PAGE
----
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Guide Questions:

1. Why has Southwest been so much more successful than its competitors? What was its strategy?
How did its strategy enable it to generate breakthrough growth and profits in one of the worst
performing industries in the U.S.?
Note: Southwest is the only major U.S. carrier to be profitable every year for the last 38 years, while the
U.S. airline industry lost $32.3 billion in 2001 - 200 alone. The biggest companies, United, Delta,
Northwest, US Airways have operated under bankruptcy protection, have merged or are merging.

2. What did it take to execute this strategy successfully? What are Southwest's greatest source/s of
competitive advantage? How sustain these?

3. How has the original strategy been altered in recent years? How if at all, have these changes
affected Southwest's key success factors?

4. Would you recommend that Southwest Airlines acquire the gates and slots available at La Guardia?
Why or why not?

5. What might we as development managers learn about strategy from Southwest Airlines?
Session 4: Review ASA Case (page 1 to 6, 11 to 24) and discuss the Part II questions given out for
Sessions 1 and 2 for ASA.

1. Focusing on the ASA's Microcredit Phase, how well has ASA performed?

2. What was ASA's strategy/what strategic choices did ASA make? How may these choices explain its
performance? What other factors (if any) may have affected ASA's performance

3. What did it take to execute/carry out this strategy successfully?

4. Compare and contrast Southwest's and ASA's strategies. What might we as development managers
learn about strategy from these two cases?
NOTE: We will not discuss the Southwest and LAN case.
Thank you.






Session 3: Read and Analyze Southwest Airlines: In a Different World
Guide Questions:

Why has Southwest been so much more successful than its
competitors? What was its strategy? How did its strategy
enable it to generate breakthrough growth and profits in one
of the worst performing industries in the U.S.?
Note: Southwest is the only major U.S. carrier to be
profitable every year for the last 38 years, while the U.S.
airline industry lost $32.3 billion in 2001 - 200 alone. The
biggest companies, United, Delta, Northwest, US Airways
have operated under bankruptcy protection, have merged or
are merging.
Strategy was low fares - charge fares at all times that were below the cost of driving
an automobile rom one city to the next competition is driving a car.
Point to point flights

Servants heart and FunLUVing culture rallying mission

Operational
Used the same type of airline model, became Boeings best customer by having
537 of boeings 737s
Quick turnaround time = target 10 minutes
No food on 90 minutes or less flights
No assigned seats or cabin class
Operate from less congested airports
Human Resources
Hire fun people, encouraged silliness
Develop fun culture and practices like culture committee
Encourages self funded projects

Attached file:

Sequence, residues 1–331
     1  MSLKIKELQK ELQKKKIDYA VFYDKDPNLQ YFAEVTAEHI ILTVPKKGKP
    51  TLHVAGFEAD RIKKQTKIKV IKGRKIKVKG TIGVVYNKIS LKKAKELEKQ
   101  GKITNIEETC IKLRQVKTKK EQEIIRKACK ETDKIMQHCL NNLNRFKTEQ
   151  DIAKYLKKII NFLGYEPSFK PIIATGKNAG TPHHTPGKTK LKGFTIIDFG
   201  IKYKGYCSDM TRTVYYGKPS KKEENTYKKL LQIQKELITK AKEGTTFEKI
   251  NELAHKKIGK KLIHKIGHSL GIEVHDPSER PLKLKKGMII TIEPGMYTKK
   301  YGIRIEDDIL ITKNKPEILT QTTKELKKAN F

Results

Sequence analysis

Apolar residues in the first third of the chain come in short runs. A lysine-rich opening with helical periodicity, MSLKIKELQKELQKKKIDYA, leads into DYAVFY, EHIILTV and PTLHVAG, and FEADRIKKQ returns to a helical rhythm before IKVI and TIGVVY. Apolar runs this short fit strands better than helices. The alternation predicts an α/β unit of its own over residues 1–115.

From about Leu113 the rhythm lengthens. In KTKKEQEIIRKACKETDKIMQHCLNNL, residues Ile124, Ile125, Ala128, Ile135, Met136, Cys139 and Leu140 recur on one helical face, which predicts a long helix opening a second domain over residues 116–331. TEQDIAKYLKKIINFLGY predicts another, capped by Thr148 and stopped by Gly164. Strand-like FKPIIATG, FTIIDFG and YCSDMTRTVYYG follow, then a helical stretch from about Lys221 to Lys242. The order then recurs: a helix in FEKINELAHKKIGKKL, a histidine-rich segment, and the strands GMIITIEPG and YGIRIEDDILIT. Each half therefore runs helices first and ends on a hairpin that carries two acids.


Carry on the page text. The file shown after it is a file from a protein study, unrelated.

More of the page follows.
Ownership feeling through stock share options
Heavily unionized but employees can take on additional roles when needed
Succession planning for executives
Controlled Growth
Compounded growth for 20 years, controlled in late 90s
Awards
Triple crown from 1992-1996 highest levels of customer service, on time arrival,
lowest level of lost baggage.
Specially painted airplane with names of all employees on overhead bins
What did it take to execute this strategy successfully? What
are Southwest's greatest source/s of competitive
advantage? How sustain these?
How has the original strategy been altered in recent years?
How if at all, have these changes affected Southwest's key
success factors?
9-11 incident = no laid off employee, additional security
Other airlines adapted the model = softer demand
Online shopping for fares = eating on niche

Transform business model and expand revenue generating capabilities
- Adding flights with more than 3 hours length without food, put fun
activities
- Adding schedules were discussed and deliberated with personnel
involved. Cross assignments for consistency of culture
- Code sharing with other similarly cultured airlines
- Developing new technologies e.g., enabling code sharing
- Boarding process select seats
- Business select program for business flyers
- Early bird rates
- No fees for changing tickets
- Hedging fuel
What might we as development managers learn about
strategy from Southwest Airlines?
Focus on the customer and specific strategy targets
Execute with people as resources in mind.
Focus on the main product do not get lost in the noise
No need to copy from others. Be original


Session 4: Review ASA Case (page 1 to 6, 11 to 24) and discuss the Part II questions given out for
Sessions 1 and 2 for ASA.

1. Focusing on the ASA's Microcredit Phase, how well has ASA performed?

2. What was ASA's strategy/what strategic choices did ASA make? How may these choices explain its
performance? What other factors (if any) may have affected ASA's performance

3. What did it take to execute/carry out this strategy successfully?